Hiroshi Ishii wins ACM SIGCHI Lifetime Research Award


Mariko Tagashira

Mariko Tagashira

MAS professor recognized for a career of contributions to computer-human interaction

Hiroshi Ishii, the Jerome B. Wiesner Professor of Media Arts and Sciences at MIT, has been awarded the 2019 ACM SIGCHI Lifetime Research Award. He will accept the award and deliver a keynote presentation at CHI 2019 in Glasgow, Scotland this May.

The Lifetime Research Award is given to individuals whose research in human-computer interaction is considered both fundamental and influential to the field. As head of the Tangible Media group at the MIT Media Lab since 1995, Professor Ishii has pushed the boundaries of digital technology by giving physical form to digital information. He is recognized as a founder of Tangible User Interfaces (TUI), a research genre based on the CHI ’97 “Tangible Bits” paper presented with Brygg Ullmer. The paper led to the spinoff ACM International Conference on Tangible, Embedded, and Embodied Interaction (TEI), starting in 2007.

“It is an incredible honor for me as an HCI researcher, and I’m extremely excited for this recognition of the Tangible Media group’s quarter-century battle against the ‘pixel empire’ of graphical user interfaces,” says Ishii.

Ishii’s work focuses on hypothetical generation of materials that can change form and properties dynamically and computationally, becoming as reconfigurable as the pixels on a GUI screen. His team’s projects, which Ishii describes under the banner of “Radical Atoms and Tangible Bits,” have contributed to forming the new stream of “Shape-Changing UI” research in the HCI community.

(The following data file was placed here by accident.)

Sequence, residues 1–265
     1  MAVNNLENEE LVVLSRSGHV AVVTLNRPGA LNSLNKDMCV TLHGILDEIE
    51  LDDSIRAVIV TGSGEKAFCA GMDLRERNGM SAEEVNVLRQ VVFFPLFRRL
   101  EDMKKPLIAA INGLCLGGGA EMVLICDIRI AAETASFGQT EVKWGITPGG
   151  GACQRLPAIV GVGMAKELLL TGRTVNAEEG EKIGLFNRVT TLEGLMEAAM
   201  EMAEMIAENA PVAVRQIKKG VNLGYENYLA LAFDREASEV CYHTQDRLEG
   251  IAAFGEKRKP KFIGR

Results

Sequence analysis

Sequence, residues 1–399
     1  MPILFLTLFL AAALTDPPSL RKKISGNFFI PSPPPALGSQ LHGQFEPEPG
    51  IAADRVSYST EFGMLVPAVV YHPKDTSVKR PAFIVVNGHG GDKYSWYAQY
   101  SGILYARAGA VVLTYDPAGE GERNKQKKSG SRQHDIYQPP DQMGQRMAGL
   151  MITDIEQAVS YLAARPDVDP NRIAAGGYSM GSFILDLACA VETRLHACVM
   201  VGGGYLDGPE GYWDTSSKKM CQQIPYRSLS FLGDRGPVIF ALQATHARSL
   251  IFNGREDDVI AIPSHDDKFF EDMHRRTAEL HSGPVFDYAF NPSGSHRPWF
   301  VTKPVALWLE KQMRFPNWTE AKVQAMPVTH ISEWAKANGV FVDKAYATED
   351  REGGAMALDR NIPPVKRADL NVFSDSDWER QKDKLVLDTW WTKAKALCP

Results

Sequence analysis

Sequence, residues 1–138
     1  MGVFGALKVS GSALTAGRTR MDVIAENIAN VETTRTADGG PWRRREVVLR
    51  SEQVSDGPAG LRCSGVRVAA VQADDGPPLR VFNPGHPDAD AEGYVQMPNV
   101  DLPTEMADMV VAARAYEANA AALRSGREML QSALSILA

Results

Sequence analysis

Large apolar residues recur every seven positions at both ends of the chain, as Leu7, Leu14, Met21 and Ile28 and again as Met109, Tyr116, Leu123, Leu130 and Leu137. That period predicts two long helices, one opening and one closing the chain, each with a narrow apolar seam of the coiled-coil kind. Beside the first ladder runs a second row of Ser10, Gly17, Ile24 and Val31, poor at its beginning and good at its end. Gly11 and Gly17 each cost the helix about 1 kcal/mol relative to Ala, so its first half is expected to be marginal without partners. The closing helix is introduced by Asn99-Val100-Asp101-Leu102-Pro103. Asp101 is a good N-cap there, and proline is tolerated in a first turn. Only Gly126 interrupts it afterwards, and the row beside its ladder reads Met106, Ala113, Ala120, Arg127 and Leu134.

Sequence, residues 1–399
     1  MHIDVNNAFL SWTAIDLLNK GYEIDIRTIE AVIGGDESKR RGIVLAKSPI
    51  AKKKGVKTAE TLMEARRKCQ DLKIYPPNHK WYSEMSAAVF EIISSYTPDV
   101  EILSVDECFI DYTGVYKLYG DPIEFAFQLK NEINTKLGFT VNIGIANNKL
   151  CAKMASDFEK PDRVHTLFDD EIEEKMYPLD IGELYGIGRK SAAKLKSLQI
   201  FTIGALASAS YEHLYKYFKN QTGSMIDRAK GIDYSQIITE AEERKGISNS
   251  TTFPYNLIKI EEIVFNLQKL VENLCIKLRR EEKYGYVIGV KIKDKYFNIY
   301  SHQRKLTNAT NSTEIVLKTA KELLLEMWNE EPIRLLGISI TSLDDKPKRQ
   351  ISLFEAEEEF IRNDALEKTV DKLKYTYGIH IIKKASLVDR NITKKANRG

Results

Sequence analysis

Ishii and his team have presented their work at a variety of academic, design, and artistic venues (including ACM SIGCHI, ACM SIGGRAPH, Industrial Design Society of America, AIGA, Ars Electronica, ICC, Centre Pompidou, Victoria and Albert Museum, Cooper Hewitt Design Museum, and Milan Design Week), emphasizing that the design of engaging and inspiring tangible interactions requires the rigor of both scientific and artistic review, encapsulated by his motto, “Be artistic and analytic. Be poetic and pragmatic.”

“Hiroshi is an inspiration to all of us at the Media Lab,” says Lab director Joi Ito. “It’s been exciting to see how his vision has influenced and motivated so many people around the world, as well as here at MIT. This honor is truly deserved.”

Ishii’s keynote presentation at the CHI conference in Glasgow will outline his ongoing vision for Radical Atoms and Tangible Bits: seeking to realize seamless interfaces between humans, digital information, and the physical environment. “Our goal is to invent new design media for artistic expression as well as for scientific analysis, taking advantage of the richness of human senses and skills we develop throughout our lifetime interacting with the physical world, as well as the computational reflection enabled by real-time sensing and digital feedback.” 

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